Plant Diversity ›› 2022, Vol. 44 ›› Issue (04): 340-350.DOI: 10.1016/j.pld.2022.05.003

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Recent advances on phylogenomics of gymnosperms and a new classification

Yong Yanga, David Kay Fergusonb, Bing Liuc,d, Kang-Shan Maoe, Lian-Ming Gaof,g, Shou-Zhou Zhangh, Tao Wanh, Keith Rushforthi, Zhi-Xiang Zhangj   

  1. a Co-Innovation Center for Sustainable Forestry in Southern China, College of Biology and the Environment, 159 Longpan Road, Nanjing Forestry University, Nanjing 210037, China;
    b Department of Paleontology, University of Vienna, 1090 Vienna, Austria;
    c State Key Laboratory of Systematic and Evolutionary Botany, Institute of Botany, Chinese Academy of Sciences, 20 Nanxincun, Xiangshan, Beijing 100093, China;
    d Sino-Africa Joint Research Center, Chinese Academy of Sciences, Wuhan 430074, China;
    e Key Laboratory of Bio-Resource and Eco-Environment of Ministry of Education, College of Life Sciences, State Key Laboratory of Hydraulics and Mountain River Engineering, Sichuan University, Chengdu 610065, China;
    f CAS Key Laboratory for Plant Diversity and Biogeography of East Asia, Kunming Institute of Botany, Chinese Academy of Sciences, Kunming 650201, China;
    g Lijiang Forest Biodiversity National Observation and Research Station, Kunming Institute of Botany, Chinese Academy of Sciences, Lijiang 674100, China;
    h Key Laboratory of Southern Subtropical Plant Diversity, FairyLake Botanical Garden, Shenzhen & Chinese Academy of Sciences, Shenzhen, China;
    i The Shippen, Ashill, Cullompton, Devon, EN15 3NL, UK;
    j School of Ecology and Nature Conservation, Beijing Forestry University, Beijing, China
  • Received:2022-03-04 Revised:2022-05-12 Online:2022-07-25 Published:2022-08-13
  • Contact: Yong Yang,
  • Supported by:
    This work was supported by the National Natural Science Foundation of China (31970205, 31870206) and the Metasequoia funding of the Nanjing Forestry University, China. We thank Y.H.Ji and two other anonymous reviewers for their valuable suggestions.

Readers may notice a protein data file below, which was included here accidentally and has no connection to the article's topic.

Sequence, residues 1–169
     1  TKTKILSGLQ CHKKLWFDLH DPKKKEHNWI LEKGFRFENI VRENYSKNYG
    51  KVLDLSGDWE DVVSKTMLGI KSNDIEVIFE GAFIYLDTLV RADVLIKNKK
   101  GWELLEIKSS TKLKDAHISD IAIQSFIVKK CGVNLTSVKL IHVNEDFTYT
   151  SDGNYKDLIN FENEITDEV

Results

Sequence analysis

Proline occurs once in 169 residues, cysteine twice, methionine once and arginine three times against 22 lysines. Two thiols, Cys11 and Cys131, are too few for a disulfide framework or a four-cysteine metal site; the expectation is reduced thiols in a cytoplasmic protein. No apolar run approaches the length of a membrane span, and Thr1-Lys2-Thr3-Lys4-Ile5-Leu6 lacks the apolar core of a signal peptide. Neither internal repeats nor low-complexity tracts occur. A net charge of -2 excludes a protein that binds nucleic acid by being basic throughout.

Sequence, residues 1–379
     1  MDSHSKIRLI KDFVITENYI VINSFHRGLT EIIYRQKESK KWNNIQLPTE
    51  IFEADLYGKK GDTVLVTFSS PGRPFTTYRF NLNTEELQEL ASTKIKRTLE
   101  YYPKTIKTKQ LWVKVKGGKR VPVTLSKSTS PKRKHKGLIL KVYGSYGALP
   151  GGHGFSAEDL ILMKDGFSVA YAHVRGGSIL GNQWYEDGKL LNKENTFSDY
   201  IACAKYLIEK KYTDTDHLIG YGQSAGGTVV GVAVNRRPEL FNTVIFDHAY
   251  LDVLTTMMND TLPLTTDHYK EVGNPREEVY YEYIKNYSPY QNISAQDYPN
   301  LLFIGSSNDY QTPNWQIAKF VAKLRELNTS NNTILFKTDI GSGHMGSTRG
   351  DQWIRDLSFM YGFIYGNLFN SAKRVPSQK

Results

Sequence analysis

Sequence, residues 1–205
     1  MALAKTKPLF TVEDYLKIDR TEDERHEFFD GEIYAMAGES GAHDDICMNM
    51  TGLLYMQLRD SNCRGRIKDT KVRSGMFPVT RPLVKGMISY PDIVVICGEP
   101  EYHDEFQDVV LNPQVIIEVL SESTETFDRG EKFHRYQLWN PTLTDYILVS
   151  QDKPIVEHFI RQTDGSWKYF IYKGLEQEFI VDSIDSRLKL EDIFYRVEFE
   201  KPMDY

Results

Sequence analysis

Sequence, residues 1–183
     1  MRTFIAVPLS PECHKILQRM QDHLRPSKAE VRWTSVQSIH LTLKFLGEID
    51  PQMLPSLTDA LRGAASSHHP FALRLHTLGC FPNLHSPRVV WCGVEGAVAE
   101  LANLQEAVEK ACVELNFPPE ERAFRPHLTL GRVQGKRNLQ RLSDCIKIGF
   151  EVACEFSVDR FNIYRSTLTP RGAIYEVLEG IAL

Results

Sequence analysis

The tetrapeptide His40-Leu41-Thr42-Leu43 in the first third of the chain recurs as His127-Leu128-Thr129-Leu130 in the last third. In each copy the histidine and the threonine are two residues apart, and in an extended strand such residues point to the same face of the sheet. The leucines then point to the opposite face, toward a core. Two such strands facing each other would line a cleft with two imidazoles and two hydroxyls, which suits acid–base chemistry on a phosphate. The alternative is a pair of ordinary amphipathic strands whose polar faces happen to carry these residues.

Abstract: Living gymnosperms comprise four major groups: cycads, Ginkgo, conifers, and gnetophytes. Relationships among/within these lineages have not been fully resolved. Next generation sequencing has made available a large number of sequences, including both plastomes and single-copy nuclear genes, for reconstruction of solid phylogenetic trees. Recent advances in gymnosperm phylogenomic studies have updated our knowledge of gymnosperm systematics. Here, we review major advances of gymnosperm phylogeny over the past 10 years and propose an updated classification of extant gymnosperms. This new classification includes three classes (Cycadopsida, Ginkgoopsida, and Pinopsida), five subclasses (Cycadidae, Ginkgoidae, Cupressidae, Pinidae, and Gnetidae), eight orders (Cycadales, Ginkgoales, Araucariales, Cupressales, Pinales, Ephedrales, Gnetales, and Welwitschiales), 13 families, and 86 genera. We also described six new tribes including Acmopyleae Y. Yang, Austrocedreae Y. Yang, Chamaecyparideae Y. Yang, Microcachrydeae Y. Yang, Papuacedreae Y. Yang, and Prumnopityeae Y. Yang, and made 27 new combinations in the genus Sabina.

Key words: Classification, Gymnosperms, Morphology, New tribe, Phylogenomics, Taxonomy